I asked Ariel Malka, a professor of psychology at Yeshiva University, a similar set of questions about polarization, and he, too, replied by email.

“The two major parties,” he said, “have diverged from one another ideologically at both the elite level and among partisans in the general population over the last five decades.” He argued that “it’s most useful to talk about this in terms of the institutional incentives that arise in our political system and how these intersect with cultural and demographic changes in society and the geographic distribution of partisans.”

First, Malka wrote,

Consider the continued cultural liberalization of many sections of society and the various forms of backlash to this that have occurred between the late 1960s and now. This creates a setting of constraints and opportunities for American politicians, as they try to exploit or adapt to high profile conflicts that arise over race, LGBT-related matters, what constitutes acceptable speech, what to teach in schools, etc.

Then, he continued,

Consider that this has coincided with increased geographic polarization and a setting in which most legislators represent uncompetitive constituencies. In this context, many partisan elites have political incentives to take, or at least refrain from pushing back on, relatively extreme partisan positions.

Why do these forces differ in their impact in this country compared with other Western democracies?


Two factors stand out to me. One is that most Western democracies have some form of proportional representation, which encourages more moderation and compromise, relative to a two-party electoral system that collapses a wide range of issue conflicts and cultural differences into a single dimension of partisan conflict. Another is that the United States seems to have a more inflammatory and widely encompassing cultural traditionalism vs. progressivism division. This has become increasingly central to partisan competition since the 1990s, and it has displayed a capacity to absorb a range of issues and policy disagreements (e.g., over Covid-19 measures) into a seemingly high stakes conflict over the cultural character of the nation.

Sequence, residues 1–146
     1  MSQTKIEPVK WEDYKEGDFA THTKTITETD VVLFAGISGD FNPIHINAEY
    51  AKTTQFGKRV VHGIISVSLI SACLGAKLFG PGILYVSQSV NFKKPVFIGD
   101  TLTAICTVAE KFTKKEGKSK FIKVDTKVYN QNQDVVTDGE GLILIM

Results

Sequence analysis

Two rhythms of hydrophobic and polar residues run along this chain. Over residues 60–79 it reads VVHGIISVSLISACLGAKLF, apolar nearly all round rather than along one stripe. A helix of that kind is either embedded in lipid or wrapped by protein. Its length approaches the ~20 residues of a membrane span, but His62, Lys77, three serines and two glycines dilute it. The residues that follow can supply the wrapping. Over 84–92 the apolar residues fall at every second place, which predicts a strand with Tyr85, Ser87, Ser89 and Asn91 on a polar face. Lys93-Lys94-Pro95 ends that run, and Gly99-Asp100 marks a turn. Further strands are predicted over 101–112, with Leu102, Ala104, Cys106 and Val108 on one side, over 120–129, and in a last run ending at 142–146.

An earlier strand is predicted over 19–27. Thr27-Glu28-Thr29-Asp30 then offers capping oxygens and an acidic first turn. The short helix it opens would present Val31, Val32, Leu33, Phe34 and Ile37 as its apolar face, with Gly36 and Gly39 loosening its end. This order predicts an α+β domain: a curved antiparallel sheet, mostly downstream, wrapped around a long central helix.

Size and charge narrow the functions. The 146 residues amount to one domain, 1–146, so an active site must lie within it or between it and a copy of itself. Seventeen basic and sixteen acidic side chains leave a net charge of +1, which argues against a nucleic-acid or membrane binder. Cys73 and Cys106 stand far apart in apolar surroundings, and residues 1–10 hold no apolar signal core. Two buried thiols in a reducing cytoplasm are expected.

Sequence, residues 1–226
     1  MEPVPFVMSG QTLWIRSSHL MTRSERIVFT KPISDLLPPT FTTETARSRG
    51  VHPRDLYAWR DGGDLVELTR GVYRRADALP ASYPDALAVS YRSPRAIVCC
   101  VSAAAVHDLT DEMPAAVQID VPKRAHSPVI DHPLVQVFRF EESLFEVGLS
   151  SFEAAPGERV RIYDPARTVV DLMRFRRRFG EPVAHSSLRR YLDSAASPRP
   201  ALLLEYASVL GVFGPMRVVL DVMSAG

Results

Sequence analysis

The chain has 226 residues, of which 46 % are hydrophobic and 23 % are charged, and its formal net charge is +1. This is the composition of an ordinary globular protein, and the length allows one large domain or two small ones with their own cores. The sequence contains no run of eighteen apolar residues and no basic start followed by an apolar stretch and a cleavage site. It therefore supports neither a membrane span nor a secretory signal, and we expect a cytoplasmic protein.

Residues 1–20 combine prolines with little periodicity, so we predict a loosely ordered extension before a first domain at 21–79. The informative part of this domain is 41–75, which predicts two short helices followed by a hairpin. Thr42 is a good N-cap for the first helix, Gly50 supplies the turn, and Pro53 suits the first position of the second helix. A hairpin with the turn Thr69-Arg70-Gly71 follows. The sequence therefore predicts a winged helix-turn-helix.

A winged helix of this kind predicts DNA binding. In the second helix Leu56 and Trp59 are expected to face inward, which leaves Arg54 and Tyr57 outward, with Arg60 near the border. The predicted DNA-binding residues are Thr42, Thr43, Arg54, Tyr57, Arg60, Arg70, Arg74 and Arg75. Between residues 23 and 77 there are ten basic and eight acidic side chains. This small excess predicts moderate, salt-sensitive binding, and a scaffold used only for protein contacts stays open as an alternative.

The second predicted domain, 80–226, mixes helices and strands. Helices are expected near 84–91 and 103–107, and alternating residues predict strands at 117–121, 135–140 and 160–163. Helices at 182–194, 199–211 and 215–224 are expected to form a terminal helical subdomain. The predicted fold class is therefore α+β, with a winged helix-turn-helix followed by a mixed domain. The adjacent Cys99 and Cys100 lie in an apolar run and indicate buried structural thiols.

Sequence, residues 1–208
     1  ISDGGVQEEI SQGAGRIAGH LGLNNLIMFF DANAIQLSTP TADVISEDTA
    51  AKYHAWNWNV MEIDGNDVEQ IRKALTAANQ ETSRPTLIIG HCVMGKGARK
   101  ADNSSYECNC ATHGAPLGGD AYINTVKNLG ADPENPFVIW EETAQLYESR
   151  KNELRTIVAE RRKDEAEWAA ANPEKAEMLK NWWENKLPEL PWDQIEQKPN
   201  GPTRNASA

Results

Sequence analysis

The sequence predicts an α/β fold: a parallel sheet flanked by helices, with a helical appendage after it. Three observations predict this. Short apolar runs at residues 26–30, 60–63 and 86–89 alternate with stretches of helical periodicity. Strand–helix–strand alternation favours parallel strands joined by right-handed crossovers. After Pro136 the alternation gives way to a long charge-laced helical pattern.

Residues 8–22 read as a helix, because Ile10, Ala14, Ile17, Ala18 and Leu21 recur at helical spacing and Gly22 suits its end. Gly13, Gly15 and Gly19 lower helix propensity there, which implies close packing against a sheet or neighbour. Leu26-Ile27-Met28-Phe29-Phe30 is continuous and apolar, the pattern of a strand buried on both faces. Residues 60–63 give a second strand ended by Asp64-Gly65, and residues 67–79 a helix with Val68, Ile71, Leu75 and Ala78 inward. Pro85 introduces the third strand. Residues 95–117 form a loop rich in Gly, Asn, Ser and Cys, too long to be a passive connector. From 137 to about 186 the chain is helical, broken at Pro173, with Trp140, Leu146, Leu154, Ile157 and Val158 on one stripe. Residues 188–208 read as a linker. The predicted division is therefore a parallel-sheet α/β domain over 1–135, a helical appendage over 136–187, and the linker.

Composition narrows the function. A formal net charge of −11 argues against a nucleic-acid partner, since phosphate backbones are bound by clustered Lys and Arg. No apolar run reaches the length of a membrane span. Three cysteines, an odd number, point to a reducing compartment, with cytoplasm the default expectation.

Those I queried repeatedly cited the role of the two-party winner-take-all system in exacerbating polarization in this country.

Shanto Iyengar, a political scientist at Stanford, emailed me on this issue:

The U.S. is a two-party system, making the contrast between the “in” and “out” party crystal clear. In multiparty systems, there is no single out group. Coalition politics makes it possible for partisans to see several parties as part of their team. And since proportional representation means that everyone gets some representation, elections have less of a zero-sum property, a characteristic of conflicts known to exacerbate polarization.

Iyengar cited two other “big differences between the U.S. and the other industrialized democracies”:

The U.S. is the outlier, in the sense that we are the one case without a major public broadcaster. In Norway, Sweden, Germany, the U.K., and Japan, on the other hand, the public broadcaster is the dominant media source commanding huge audiences. By definition, public broadcasters are committed to nonpartisan journalism, meaning that citizens are exposed to fact-based reporting rather than commentary.

In addition, Iyengar continued, “A second major difference concerns the length of political campaigns.” American elections “are not only prolonged, they also generate a much louder message and the message is overwhelmingly negative.”

Eric Foner, a historian at Columbia, maintained in an email that the continuing issue of inclusion of marginalized groups — racial, ethnic and sexual — plays a key role in American polarization:

The long existence of slavery, and its legacies to this day, have a lot to do with this. “We The People” — the first words of the Constitution — requires a definition of the people and throughout our history there have been many Americans who wish to exclude various groups from inclusion in the body politic. In other words, our democracy has always been contested and political polarization has often been intense.